Making the leap to a senior position in a business can come at any stage of your career. Opportunity and circumstance can often thrust an employee into a managerial role, while for others the journey can take a little while longer. Whether you’ve got your sights set on a senior role in your current company or are on the market for an opportunity to take the reins, there are a number of simple steps that can be taken to give you a good head start:
1. Fine-tune your leadership skills
Any employee aspiring to climb up to the senior position of the corporate ladder can improve their chances of landing a promotion by developing and practicing their leadership skills. The good news is that commitment, passion and integrity form the basis of strong leadership, but it takes practice to master the art of influencing others, communicating ideas and making the right decisions under pressure. As the saying goes, practice makes perfect, and leadership is no different. Though you may not be in a senior position currently, it does not mean you cannot lead in projects, meetings, and nurturing junior staff.
2. Find a mentor
A great mentor can encourage personal and professional development by providing honest advice and practical guidance at every twist and turn of your career path. As well as helping you to identify where your strengths lie and which areas could be improved, learning from others who have “been there, done that and got the T-shirt” can prove to be instrumental in building your confidence as a leader.
3. Be visible
When employees attain a senior position, they soon discover visibility is a big part of the job description. To get there, individuals need to standout and be visible in one of two domains: either performing admirably for a consistent period of time, or by lifting up their colleagues and aiding their team to perform above and beyond expectations. Senior management teams love consistency in their staff and are much likelier to promote individuals who have proven their effort and desire to succeed over flash in the pan successes.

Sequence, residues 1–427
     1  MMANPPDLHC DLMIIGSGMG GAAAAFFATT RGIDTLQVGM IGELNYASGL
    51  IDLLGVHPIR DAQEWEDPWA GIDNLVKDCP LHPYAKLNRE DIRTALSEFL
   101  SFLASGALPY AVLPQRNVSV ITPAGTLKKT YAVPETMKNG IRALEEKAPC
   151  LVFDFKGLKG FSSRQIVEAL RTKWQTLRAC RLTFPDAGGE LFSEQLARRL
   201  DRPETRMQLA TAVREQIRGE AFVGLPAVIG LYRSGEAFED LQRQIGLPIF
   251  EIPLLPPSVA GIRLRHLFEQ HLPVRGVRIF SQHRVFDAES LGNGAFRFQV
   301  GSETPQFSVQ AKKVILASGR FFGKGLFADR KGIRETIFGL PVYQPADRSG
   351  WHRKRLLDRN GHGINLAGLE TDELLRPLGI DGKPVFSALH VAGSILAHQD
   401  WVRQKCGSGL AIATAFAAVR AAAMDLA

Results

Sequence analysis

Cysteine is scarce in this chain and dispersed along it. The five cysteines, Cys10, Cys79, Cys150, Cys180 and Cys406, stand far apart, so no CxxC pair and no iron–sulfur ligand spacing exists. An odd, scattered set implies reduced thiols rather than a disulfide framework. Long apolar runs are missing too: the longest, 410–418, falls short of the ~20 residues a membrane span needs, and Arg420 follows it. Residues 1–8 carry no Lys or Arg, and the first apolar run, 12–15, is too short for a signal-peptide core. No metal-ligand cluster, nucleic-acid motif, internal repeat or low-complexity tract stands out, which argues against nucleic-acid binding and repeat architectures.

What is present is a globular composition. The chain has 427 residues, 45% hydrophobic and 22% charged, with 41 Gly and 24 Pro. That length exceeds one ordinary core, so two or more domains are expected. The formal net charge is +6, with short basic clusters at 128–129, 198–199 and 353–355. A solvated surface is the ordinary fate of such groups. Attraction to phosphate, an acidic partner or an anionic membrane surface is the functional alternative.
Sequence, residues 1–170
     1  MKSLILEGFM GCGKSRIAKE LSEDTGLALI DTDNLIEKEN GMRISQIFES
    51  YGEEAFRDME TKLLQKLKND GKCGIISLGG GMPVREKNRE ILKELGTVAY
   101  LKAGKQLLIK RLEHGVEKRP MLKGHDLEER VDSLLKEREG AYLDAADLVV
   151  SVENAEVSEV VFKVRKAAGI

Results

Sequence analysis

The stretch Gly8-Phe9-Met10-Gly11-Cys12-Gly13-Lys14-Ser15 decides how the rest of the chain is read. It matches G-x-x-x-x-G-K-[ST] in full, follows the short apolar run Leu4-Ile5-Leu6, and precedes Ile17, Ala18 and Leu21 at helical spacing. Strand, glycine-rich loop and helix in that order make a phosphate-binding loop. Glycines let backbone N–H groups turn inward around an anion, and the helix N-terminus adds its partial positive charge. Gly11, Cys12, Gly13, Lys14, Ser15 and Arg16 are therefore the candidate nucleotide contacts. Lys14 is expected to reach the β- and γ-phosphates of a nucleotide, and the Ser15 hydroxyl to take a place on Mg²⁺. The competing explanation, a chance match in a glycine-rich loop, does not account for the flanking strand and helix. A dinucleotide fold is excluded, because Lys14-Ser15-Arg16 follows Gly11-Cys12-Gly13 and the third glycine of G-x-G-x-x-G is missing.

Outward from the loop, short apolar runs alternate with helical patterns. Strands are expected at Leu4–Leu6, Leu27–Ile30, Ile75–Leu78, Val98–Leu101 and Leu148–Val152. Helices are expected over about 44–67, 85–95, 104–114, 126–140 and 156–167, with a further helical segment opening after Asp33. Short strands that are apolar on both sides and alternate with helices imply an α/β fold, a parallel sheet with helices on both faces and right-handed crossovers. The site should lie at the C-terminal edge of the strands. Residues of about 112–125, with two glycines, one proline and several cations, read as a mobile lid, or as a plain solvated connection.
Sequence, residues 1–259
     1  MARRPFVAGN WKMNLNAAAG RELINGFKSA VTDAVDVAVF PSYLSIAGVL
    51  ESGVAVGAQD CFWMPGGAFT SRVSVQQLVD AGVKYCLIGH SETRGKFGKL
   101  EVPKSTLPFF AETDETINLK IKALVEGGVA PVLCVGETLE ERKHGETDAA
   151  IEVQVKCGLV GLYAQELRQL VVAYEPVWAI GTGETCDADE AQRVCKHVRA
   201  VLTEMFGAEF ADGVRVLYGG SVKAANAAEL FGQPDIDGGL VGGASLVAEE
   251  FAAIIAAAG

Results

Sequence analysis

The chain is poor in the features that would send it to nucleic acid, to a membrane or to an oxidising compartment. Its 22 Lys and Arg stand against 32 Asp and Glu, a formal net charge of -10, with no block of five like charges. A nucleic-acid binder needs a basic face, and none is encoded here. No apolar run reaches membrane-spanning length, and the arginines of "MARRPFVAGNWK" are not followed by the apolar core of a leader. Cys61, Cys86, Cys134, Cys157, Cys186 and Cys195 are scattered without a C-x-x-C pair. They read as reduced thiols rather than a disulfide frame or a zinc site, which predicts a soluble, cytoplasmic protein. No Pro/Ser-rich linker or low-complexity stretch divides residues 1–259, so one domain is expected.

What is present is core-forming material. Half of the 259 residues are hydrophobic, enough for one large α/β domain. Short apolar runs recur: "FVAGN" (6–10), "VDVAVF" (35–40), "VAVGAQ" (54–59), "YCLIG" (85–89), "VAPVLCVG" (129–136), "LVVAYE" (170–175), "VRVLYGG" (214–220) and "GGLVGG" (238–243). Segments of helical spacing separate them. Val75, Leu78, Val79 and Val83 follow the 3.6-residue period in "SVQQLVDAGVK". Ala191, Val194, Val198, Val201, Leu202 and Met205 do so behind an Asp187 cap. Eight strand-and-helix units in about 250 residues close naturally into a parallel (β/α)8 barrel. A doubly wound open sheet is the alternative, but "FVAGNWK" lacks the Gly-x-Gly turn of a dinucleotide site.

4. Drive innovation in your current role
Grace Hopper once said, ‘The most dangerous phrase in the language is “we’ve always done it this way.”’ When you join a new business, it can often be overwhelming at first, but fairly quickly you begin to start thinking of ways that you can drive innovation and fix processes. Senior positions are all about squeezing every bit of value you have out of your resources to achieve your KPIs and exceed expectations. Consistently innovating should be at the forefront of all employees with ambitions to enter senior management.
5. Keep ahead of the curve
Senior staff steer the ship, and that means they need to be agile in case of choppy waters ahead. Amidst rapid advances in technology, shifting customer demands, and remote working, senior leaders must make it a priority to keep abreast of new industry trends to not find themselves drowning under a wave of change. Ensure you are learning the most up-to-date developments of your sector and that you are applying these new discoveries into your day to day working life.
6. Never stop learning
On that note, the best leaders are those who are never complacent nor satisfied with resting on their laurels. If you want to be considered for a promotion either in your own company or for a senior role elsewhere, your focus should be on growing your knowledge and expanding your skillset. Consider taking a leadership course; pursue an MBA or a specialist qualification through training and college courses.
7. Take accountability
All good leaders know when to put their hands up in the air and accept fault. Infallibility is a con and has no place in the modern workplace. Transparency is key to connecting with the new generations joining the workforce and makes up the backbone to all good business transactions. Being accountable shows those above you in the business that you are both trustworthy and willing to learn from you mistakes, rather than taking pot-shots at others.
8. Push yourself outside your comfort zone
Growth comes from constantly pushing boundaries. The human body responds to stress by strengthening one’s self, and workplace durability goes hand in hand with accepting sometimes you need to go outside of your comfort zone to truly standout and develop. Learn a new skill, understand a new point of view, and take time out of your hectic schedule to think of something that could be truly innovative to both the company you work for, as well as your own personal development.